Social, Emotional, and Other Issues in People With Osteosarcoma

Social and emotional issues may come up during and after treatment. Factors such as the person’s age when diagnosed and the extent of treatment can play a role in this.

Most osteosarcomas develop during the teenage or young adult years, a very sensitive time in a person’s life. Osteosarcoma and its treatment can have a profound effect on how a person looks and how they view themselves and their body. It can also affect how they do some everyday tasks, including certain school, work, or recreational activities. These effects are often greatest during the first year of treatment, but they can be long-lasting in some people. It’s important that the treating center assess the family situation as soon as possible, so that any areas of concern can be addressed.

Some children and teens may have emotional or psychological issues that need to be addressed during and after treatment. Depending on their age, they may also have some problems with normal functioning and school work. These can often be overcome with support and encouragement. Doctors and other members of the health care team can also often recommend special support programs and services to help after treatment.

Cancer care teams usually recommend that school-age children and teens attend school as much as possible. This can help them maintain a sense of daily routine and keep their friends informed about what is going on.

Friends can be a great source of support, but patients and parents should know that some people have misunderstandings and fears about cancer. Some cancer centers have a school re-entry program that can help in situations like this. In this program, health educators visit the school and tell students about the diagnosis, treatment, and changes the person may go through. They also answer any questions from teachers and classmates. (For more information, see our document Children Diagnosed With Cancer: Returning to School.)

Centers that treat many patients with osteosarcoma might have programs to introduce new patients to others who have already finished treatment. This can give patients an idea of what to expect during and after treatment, which is very important. Seeing another person with osteosarcoma doing well is often helpful. There are also support groups that encourage athletics and full use of the limbs. Many amputees or people with prostheses are able to take part in athletics and often do.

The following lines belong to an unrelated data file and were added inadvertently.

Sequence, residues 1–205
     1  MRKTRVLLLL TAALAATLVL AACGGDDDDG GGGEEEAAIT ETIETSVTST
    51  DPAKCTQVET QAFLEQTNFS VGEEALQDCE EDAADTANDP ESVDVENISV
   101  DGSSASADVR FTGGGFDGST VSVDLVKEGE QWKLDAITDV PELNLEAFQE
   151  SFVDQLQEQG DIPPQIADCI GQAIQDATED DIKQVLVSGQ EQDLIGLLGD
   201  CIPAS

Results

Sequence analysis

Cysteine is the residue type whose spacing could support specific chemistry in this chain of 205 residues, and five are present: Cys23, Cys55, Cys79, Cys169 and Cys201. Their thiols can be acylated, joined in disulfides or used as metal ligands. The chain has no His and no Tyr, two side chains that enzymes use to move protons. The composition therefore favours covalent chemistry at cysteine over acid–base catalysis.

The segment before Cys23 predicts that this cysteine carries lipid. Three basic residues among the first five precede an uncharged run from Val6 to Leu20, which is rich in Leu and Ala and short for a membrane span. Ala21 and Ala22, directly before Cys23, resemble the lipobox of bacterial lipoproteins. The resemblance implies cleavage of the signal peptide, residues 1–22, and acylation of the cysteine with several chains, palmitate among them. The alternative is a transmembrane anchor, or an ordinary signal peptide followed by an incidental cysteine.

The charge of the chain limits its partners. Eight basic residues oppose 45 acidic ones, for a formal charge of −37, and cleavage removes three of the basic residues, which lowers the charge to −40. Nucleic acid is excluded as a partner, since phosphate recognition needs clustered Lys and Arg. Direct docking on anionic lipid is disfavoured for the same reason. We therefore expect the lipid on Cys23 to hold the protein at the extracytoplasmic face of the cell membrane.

Parents and other family members can also be affected, both emotionally and in other ways. Some common family concerns during treatment include financial stresses, traveling to and staying near the cancer center, the possible loss of a job, and the need for home schooling. Social workers and other professionals at cancer centers can help families sort through these issues.

During treatment, patients and their families tend to focus on the daily aspects of getting through it and beating the cancer. But once treatment is finished, a number of emotional concerns can arise. Some of these might last a long time. They can include things like:

  • Dealing with physical changes that can result from the treatment
  • Worrying about the cancer returning or new health problems developing
  • Feeling resentful for having had cancer or having to go through treatment when others do not
  • Worrying about being treated differently or discriminated against (by friends, classmates, coworkers, employers, etc.)
  • Being concerned about dating, marrying, and having a family later in life

No one chooses to have osteosarcoma, but for many people, the experience can eventually be positive, helping to establish strong self-values. Other people may have a harder time recovering, adjusting to life after cancer, and moving on. It is normal to have some anxiety or other emotional reactions after treatment, but feeling overly worried, depressed, or angry can affect many parts of a young person’s growth. It can get in the way of relationships, school, work, and other aspects of life.

With support from family, friends, other survivors, mental health professionals, and others, many people who have survived cancer can thrive in spite of the challenges they’ve had to face. If needed, doctors and other members of the health care team can often recommend special support programs and services to help after cancer treatment.

Although the psychological impact of this disease on children and teens is most obvious, adults with this disease face many of the same challenges. They should also be encouraged to take advantage of the cancer center’s physical therapy, occupational therapy, and counseling services.

The American Cancer Society medical and editorial content team
Our team is made up of doctors and master's-prepared nurses with deep knowledge of cancer care as well as journalists, editors, and translators with extensive experience in medical writing.

Last Medical Review: April 18, 2014 Last Revised: January 27, 2016

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